n Ekklesiastikos Pharos - Pre-Islamic Arabic trade and religion on the east coast of Africa

Volume 92, Issue 1
  • ISSN : 1018-9556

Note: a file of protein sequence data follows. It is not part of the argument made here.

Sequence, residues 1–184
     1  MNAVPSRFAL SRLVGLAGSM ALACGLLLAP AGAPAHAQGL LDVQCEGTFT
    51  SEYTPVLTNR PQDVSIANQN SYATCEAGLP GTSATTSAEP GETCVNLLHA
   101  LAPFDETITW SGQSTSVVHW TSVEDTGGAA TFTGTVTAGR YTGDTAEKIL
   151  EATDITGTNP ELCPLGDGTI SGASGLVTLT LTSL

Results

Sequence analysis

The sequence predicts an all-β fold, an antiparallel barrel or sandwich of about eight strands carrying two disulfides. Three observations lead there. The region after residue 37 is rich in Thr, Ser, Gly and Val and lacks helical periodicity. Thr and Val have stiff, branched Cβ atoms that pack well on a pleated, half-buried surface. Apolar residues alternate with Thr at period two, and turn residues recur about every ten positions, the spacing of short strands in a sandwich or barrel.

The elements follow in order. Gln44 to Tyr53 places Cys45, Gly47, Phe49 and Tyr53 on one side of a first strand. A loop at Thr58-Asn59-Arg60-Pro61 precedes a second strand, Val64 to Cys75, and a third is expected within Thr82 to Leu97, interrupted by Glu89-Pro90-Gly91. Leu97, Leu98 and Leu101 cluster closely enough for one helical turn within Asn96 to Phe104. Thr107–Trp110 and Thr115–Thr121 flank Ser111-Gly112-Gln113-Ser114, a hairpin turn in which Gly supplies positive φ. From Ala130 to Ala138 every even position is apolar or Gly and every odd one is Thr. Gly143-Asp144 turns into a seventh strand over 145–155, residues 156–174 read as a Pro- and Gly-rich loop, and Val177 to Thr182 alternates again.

Sabaean (pre-Islamic Arabic) colonies were established in Ethiopia very early (at the beginning of the seventh century BC) as is proved by the characteristics of the Ethiopian language, religion and writing as well as by the oral traditions of the Lemba in Southern Africa. The Sabaean King, Kharabit, was, 'to an indefinite extent', in possession of the eastern coast of Africa. The Sabaeans' widespread commerce brought them and their colonies into contact with both Christianity and Judaism but also with some 'pagan' Sabaean concepts. The Falasha constitute a people who furnish us with not only a key to the evolution of the religious beliefs of a people under Sabaean influence but also a parallel to what we believe happened elsewhere down the coast of East Africa, wherever Ethiopians of Amhara extraction or Sabaeans settled. For at least three thousand years the Indian Ocean trading networks involved people and commodities from a variety of cultures who, in the course of trade, also exchanged religious ideas and practices. Trade and religion exerted a reciprocal influence on one another.

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